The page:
Disability assistance may be available from several sources. For example, a wounded veteran may receive assistance from both the U.S. Department of Veterans Affairs, as well as the Social Security Administration. In addition, state benefits under Medicaid or other programs may also be available.
Recent media reports have documented rare cases where a disabled individual received overpayments from the SSA. In some cases, Social Security disability insurance payments may have continued after an individual reentered the workforce. For example, current regulations allow SSDI beneficiaries to explore the feasibility of resuming work during a nine-month trial period. When that period expires, SSDI payments are supposed to stop.
However, the Government Accountability Office’s own audits estimate that fraud affects only about 1 percent of all federal disability payments. Hopefully, such news reports about alleged fraud or overpayments won’t discourage disabled individuals from seeking help when they need it.
For someone who has recently been forced out of his or her job due to disability, a consultation with a disability benefits attorney might be informative. An attorney might provide information on the criteria used by SSA officials in determining whether a specific medical condition qualifies as a disability for SSDI payments.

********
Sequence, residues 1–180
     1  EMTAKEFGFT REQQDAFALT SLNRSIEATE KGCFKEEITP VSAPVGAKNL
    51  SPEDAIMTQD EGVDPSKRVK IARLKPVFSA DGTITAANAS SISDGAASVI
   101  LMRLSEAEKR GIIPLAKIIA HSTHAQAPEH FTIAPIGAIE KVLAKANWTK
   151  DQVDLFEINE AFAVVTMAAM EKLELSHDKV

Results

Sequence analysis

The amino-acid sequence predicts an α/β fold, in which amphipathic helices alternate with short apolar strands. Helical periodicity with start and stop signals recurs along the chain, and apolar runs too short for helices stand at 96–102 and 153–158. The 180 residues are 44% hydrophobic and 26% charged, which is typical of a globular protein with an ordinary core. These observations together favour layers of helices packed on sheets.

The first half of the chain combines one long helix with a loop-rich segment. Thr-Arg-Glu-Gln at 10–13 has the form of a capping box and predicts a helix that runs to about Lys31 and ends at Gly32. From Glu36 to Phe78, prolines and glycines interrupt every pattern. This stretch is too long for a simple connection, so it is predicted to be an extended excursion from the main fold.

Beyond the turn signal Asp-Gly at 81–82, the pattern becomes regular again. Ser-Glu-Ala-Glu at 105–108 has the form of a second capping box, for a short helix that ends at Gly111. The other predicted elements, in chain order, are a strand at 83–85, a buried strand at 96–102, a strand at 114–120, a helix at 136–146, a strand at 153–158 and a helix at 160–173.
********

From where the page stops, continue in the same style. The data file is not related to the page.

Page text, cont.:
Even after obtaining benefits, an attorney might provide ongoing assistance. For example, Medicaid eligibility might be possible within two years of qualifying for SSDI benefits. In addition, an attorney might also be able to answer questions about monthly SSDI payments and whether an approved beneficiary might be receiving overpayments. An attorney can work to ensure that no surprises befall an SSDI beneficiary.
Source: money.cnn.com, “'I was overpaid by Social Security',” Blake Ellis, Oct. 28, 2013